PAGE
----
“It’s all about maintaining focus.” Words recently spoken in a conversation I was having with a friend. Maintaining focus is often difficult. Life has many distractions.
Just last week, there was an extremely important issue concerning home sprinkler systems and a vote to keep them in the residential code. As I support the use of residential sprinklers for many reasons including not only their life safety benefits to the occupants of a home, but also as they relate to the safety of our firefighters, I was trying to maintain focus on the effort to keep residential sprinklers where they belong in the code.
But, with conducting interviews for positions within the Division, making a trip to the Kansas City area to address a recruit class and some fire chiefs, dealing with elevator rules, working on an Assistance to Firefighters Grant, a meeting at the lake and trying to prepare for a brief visit with our children over the weekend; I lost focus on the sprinkler issue. Fortunately for us, Missouri’s fire service and sprinkler advocates were there to step in and successfully champion the cause.
At a meeting with Missouri Fire Chaplains Corps that same weekend, I was again reminded of focus. Chaplains are often an under-utilized resource. We see chaplains performing duties at fire department dinners or memorial services. But, how often do we see them on the fire scene or as part of the response to a motor vehicle collision or medical call?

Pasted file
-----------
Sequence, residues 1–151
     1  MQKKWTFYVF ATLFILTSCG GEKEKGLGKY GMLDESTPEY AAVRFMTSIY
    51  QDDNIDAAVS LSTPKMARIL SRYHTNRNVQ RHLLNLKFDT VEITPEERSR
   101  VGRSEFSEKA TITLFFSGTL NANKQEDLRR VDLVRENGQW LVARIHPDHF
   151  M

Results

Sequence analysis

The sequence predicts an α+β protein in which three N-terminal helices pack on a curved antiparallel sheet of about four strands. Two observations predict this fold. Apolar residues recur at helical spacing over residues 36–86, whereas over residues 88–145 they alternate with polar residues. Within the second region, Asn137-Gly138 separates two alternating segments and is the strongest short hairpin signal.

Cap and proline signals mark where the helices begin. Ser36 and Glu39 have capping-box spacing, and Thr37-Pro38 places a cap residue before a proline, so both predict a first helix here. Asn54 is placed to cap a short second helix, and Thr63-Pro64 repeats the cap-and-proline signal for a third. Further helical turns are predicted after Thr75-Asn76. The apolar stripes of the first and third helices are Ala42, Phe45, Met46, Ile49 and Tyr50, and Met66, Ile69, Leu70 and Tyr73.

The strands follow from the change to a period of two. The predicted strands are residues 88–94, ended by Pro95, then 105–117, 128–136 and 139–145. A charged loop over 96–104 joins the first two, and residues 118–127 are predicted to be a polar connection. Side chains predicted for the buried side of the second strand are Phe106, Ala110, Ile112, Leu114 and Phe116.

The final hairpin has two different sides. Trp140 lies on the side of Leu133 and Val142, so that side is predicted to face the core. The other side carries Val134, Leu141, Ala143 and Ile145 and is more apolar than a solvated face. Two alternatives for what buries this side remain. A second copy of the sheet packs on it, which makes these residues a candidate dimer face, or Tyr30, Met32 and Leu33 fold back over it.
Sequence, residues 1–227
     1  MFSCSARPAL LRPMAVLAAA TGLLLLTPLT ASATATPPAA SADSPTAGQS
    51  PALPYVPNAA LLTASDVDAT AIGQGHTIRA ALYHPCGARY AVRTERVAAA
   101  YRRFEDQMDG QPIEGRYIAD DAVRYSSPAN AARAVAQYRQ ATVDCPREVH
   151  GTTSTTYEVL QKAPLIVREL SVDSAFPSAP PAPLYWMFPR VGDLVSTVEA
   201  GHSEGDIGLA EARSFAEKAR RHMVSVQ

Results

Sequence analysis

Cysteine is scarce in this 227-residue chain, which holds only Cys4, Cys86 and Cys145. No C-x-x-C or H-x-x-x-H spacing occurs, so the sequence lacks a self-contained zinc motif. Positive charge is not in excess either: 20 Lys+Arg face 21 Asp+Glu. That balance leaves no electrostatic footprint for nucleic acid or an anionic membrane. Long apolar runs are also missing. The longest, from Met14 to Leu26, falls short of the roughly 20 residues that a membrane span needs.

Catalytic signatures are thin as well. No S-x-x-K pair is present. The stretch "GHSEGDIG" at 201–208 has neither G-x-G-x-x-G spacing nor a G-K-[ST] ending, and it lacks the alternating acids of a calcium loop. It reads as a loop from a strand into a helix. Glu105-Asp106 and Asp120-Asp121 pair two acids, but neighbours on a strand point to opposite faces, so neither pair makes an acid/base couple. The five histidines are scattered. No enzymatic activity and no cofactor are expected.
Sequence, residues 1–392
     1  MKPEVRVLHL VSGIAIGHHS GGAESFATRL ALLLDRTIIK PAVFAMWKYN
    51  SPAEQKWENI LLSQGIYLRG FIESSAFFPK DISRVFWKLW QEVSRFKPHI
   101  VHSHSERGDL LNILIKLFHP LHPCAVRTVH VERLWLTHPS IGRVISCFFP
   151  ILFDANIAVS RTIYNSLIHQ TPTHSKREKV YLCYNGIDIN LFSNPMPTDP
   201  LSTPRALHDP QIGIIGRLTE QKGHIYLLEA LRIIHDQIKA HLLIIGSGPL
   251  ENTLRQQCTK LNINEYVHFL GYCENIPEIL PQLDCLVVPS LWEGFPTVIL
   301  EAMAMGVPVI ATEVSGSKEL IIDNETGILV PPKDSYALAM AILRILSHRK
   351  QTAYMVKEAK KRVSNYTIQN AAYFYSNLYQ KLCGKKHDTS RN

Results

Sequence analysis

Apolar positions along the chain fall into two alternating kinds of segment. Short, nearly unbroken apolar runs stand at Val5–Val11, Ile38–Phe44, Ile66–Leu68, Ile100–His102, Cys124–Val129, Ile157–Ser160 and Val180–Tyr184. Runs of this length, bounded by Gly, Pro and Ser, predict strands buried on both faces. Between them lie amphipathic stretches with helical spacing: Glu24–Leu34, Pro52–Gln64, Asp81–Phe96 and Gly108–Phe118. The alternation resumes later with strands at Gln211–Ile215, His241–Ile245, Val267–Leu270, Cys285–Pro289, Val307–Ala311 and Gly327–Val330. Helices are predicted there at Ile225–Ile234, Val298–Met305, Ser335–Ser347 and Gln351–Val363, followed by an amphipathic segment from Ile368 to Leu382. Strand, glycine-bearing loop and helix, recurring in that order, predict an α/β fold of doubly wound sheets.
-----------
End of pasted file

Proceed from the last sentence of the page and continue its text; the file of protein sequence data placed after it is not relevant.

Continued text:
As we have begun to shift our focus to the recognition of stress related illnesses brought about by our constant exposure to what are often the worst days in the lives of the people we protect, perhaps it’s time to consider the presence of fire chaplains within our ranks. Fire chaplains, many of whom have the same experiences as we do in public safety, are trained to help us recognize the early signs of being worn down by the duties of the profession or even by our lives outside the firehouse.
It is so easy to find ourselves wrapped up in the despair of others. Properly trained fire chaplains may be able to help us return focus back to the importance of taking care of ourselves. Contrary to the belief held by most responders, it is not selfish to focus on ourselves.
I’ve said many times firefighters need to be there for their own families and communities. It is only through maintaining focus on what’s important in life we can be there for them, both mentally and physically. Having a group of people ready and willing to step in to help us when we lose focus is never a bad thing.
Acting State Fire Marshal